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Reading Between the Lines

  • May 6, 2024

I just got back from the annual pilgrimage to Omaha, Nebraska also known as the Berkshire Hathaway annual shareholders meeting. The event, which was attended by more than 40,000 investors, was a celebration of capitalism, a celebration of generosity and more importantly a celebration of kindness.

Harriman House Authors
From left to right: Adam Mead, the author of The Complete Financial History of Berkshire Hathaway; yours truly, author of the upcoming The Event-Driven Edge in Investing; Vitaliy Katsenelson, the author of Soul in the Game and Tobias Carlisle, the author of The Acquirer’s Multiple.

The energy in the first half of the meeting was very different from last year as it was clear that Warren Buffett was missing his business and intellectual parter of 63 years, Charlie Munger, who passed away at the young age of 99.

The focus this year was as much on the charity and generosity of Berkshire shareholders as it was about how the various subsidiaries of the company performed in the first quarter of 2024. The 93 year old Ruth Gottesman gifted $1 billion worth of Berkshire Hathaway stock so that several generations of new doctors don’t have to be indebted with large loans. And she didn’t even want The Albert Einstein College of Medicine in Bronx, New York to name a building after her.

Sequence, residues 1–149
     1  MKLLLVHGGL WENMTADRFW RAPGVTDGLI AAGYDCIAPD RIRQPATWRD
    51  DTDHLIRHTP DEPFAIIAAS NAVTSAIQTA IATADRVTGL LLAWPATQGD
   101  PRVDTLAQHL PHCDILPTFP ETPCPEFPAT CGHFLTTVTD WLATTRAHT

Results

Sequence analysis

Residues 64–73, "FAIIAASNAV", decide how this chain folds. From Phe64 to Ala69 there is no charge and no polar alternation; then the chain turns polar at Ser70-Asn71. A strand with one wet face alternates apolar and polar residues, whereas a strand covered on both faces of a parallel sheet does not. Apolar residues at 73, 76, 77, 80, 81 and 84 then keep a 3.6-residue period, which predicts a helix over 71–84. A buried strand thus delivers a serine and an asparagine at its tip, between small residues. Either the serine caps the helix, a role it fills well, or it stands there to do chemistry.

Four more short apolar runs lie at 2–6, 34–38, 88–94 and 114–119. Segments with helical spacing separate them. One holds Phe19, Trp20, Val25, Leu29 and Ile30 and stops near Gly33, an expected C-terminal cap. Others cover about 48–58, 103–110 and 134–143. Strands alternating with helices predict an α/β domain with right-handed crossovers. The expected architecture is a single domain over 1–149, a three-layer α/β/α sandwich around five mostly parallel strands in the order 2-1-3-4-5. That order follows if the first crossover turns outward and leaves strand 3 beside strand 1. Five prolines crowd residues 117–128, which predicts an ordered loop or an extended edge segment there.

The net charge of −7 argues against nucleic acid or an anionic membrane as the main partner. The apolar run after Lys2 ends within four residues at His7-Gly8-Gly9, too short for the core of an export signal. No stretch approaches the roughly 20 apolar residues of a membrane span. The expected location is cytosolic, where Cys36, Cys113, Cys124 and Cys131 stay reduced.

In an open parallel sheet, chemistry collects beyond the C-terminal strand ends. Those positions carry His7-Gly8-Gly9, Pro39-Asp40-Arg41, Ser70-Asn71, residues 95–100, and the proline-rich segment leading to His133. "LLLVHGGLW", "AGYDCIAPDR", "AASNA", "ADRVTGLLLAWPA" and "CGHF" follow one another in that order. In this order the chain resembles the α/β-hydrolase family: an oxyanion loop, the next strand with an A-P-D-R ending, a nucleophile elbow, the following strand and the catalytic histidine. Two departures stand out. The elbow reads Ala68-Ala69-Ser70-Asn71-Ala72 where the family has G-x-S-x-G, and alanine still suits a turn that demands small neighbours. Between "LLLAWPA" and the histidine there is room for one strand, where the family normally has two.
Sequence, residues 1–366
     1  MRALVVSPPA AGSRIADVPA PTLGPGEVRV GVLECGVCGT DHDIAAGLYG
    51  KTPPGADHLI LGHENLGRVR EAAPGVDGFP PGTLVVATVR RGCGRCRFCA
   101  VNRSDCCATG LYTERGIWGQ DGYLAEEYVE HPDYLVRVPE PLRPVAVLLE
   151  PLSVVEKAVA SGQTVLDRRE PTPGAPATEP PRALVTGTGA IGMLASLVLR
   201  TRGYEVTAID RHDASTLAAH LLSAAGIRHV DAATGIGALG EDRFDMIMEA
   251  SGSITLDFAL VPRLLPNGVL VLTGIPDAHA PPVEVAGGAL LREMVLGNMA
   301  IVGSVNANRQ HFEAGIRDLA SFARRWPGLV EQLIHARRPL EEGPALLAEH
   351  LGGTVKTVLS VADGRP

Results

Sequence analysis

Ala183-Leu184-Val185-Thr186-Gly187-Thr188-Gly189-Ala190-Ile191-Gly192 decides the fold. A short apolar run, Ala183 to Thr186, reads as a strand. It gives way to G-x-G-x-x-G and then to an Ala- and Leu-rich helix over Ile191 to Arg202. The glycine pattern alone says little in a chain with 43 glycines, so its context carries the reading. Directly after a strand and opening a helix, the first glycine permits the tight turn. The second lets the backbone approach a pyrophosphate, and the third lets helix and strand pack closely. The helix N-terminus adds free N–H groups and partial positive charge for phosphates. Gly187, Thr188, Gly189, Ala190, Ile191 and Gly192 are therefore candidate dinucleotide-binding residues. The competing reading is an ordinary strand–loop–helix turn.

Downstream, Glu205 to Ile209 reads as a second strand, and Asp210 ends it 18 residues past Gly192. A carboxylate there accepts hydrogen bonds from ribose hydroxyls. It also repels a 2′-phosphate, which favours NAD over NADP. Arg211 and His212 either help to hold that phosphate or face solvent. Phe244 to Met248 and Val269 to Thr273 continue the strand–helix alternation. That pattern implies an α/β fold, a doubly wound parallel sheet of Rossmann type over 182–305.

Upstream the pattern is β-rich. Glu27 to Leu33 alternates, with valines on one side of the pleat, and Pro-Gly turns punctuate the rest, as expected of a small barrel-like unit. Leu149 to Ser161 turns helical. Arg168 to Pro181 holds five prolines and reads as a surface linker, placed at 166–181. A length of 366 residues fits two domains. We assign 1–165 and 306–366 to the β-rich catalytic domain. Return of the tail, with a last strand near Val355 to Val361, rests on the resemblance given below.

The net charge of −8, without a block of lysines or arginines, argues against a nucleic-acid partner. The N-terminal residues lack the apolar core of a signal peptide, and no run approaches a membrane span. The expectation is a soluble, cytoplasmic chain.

According to Buffett, another shareholder donated $500 million worth of Berkshire Hathaway stock anonymously. In a special message after lunch at the shareholder meeting, Buffett urged other shareholders in that massive auditorium to follow in the footsteps of the Gottesmans like he and Bill Gates did by pledging to give away most of their wealth.

Mr. Buffett spent a lot of time taking questions from the audience and sometimes you have to read between the lines to fathom what he is saying or more importantly what he is leaving unsaid.

Here are my three key takeaways by reading in-between the lines:

  1. Apple: In the fourth quarter of 2023, Berkshire Hathaway had reduced its massive stake in Apple (AAPL) by 1% by selling 10 million shares. This time around they were more aggressive by selling 116 million shares or 13% of their position. This still leaves the company with a stake worth $134 billion in Apple. In response to a question about Apple, Buffett mentioned that by the end of this year he still expects Apple to remain their largest position. Considering their second largest public market investment, Bank of America (BAC), is worth less than $40 billion in their portfolio, Berkshire could easily cut nearly 70% of their Apple position and his statement would still be true. Reading between the lines, I fully expect Bershire to cut their Apple position significantly through the rest of this year.